The success of the invention is due to the surprising discovery that the two primers used herein are mutually' adhesive and coact in an unusual way to give a degree of bonding which is significantly in excess of the expected additive effect based on the use of each primer, separately. As a matter of fact, treatment of the polyethylene terephthalate with either of the primers alone does not result in any commercially important increase in adhesion above that found between untreated polyethylene terephthalate and the indicated rubbers whereas, under otherwise comparable conditions, the method of the present invention increasesthe adhesion to a commercially significant value which may be many times greater than the adhesion between the untreated materials.
In carrying out the present process, the polyethylene terephthalate fibers in yarn, fabric, or other form, are first impregnated with an organic solvent solution of the organic polyisocyanate. For this purpose, there is used a solution of the polyisocyanate in moisture-free organic solvent, e.g. chlorinated or alkylated aromatics such as monochlorobenzene, xylene or toluene. While the amount of isocyanate can be widely varied, it is usually desirable to apply a minimum of 0.5% polyisocyanate solids based on the weight of dry polyethylene An economical and usually prac- BENIN Patented Got. 23., 1962 tical level is 2.0 to 2.5%. A maximum of 5% is usually in excess and does not provide further improvement.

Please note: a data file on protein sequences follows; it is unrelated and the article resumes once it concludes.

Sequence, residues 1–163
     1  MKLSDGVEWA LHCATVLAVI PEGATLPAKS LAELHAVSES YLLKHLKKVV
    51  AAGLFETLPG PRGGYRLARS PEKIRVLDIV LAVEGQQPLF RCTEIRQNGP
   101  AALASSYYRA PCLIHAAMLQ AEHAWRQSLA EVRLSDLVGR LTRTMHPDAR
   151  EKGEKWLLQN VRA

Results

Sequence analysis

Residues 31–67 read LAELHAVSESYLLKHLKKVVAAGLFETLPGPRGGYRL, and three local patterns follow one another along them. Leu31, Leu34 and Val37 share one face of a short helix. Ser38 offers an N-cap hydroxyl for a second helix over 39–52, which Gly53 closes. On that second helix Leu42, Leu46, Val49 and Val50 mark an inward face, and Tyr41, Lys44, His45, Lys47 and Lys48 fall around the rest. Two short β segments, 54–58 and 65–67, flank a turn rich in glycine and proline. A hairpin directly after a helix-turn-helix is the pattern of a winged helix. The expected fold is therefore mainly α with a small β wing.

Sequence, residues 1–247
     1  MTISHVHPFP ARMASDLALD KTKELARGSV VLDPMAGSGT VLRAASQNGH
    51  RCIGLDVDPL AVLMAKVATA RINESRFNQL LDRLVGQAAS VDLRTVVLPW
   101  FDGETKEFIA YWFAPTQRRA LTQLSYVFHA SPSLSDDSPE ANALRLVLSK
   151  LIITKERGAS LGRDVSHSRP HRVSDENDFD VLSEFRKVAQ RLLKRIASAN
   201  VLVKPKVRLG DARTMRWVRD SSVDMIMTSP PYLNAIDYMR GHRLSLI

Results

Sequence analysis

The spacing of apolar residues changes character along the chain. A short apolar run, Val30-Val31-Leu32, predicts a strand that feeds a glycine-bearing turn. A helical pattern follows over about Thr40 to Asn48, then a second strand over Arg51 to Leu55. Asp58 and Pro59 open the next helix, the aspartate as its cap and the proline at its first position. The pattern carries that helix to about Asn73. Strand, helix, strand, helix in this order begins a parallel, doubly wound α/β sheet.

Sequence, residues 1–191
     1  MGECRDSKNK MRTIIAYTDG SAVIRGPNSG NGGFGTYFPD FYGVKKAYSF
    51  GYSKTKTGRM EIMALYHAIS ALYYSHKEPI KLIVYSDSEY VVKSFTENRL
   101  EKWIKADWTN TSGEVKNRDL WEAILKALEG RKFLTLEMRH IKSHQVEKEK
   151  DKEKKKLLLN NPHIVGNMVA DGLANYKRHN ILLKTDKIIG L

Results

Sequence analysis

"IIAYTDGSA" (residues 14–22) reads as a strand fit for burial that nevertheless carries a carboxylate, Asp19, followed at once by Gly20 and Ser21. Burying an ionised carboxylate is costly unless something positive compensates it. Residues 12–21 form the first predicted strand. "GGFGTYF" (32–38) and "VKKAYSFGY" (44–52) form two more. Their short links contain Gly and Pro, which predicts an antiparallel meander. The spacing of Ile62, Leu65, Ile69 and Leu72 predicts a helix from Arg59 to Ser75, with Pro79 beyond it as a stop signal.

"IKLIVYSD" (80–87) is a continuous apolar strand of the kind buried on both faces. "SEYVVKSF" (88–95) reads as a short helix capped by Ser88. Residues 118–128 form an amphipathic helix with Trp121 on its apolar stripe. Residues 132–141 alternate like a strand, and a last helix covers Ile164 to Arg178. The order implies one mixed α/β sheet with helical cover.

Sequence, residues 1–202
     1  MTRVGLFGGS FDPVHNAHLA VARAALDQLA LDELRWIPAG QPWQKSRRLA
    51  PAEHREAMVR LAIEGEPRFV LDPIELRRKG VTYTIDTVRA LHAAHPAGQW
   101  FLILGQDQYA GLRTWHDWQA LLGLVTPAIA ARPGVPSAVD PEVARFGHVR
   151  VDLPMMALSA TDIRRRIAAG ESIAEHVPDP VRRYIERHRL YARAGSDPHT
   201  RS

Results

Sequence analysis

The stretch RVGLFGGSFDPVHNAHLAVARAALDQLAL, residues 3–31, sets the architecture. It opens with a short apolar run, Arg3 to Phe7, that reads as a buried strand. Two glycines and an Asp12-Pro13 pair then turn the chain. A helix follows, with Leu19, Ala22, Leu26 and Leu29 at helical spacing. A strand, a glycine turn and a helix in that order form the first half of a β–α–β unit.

As indicated above, methylene bis (4-phenylisocyamate) is a typical polyisocyanate suitable for priming polyethylene terephthalate fibers according to the invention. Monoisocyanates are unsatisfactory but other organic polyisocyanates which may be used are polymethylene polyphenyl polyisocyanate having the formula:
NCO NCO eel wherein n is an integer, e.g. the product known as PAPl-l (Carwin Company), in which n has an average value of 1; Mobays toluene diisocyanate polymer Mondur CB60; triphenylmethane triisocyanate (M'ondur TM); 3,3-di-methoxyl-4,4-bipheny1ene diisocyanate; and p,pdi-phenylmethane diisocyanate (Mondur MO).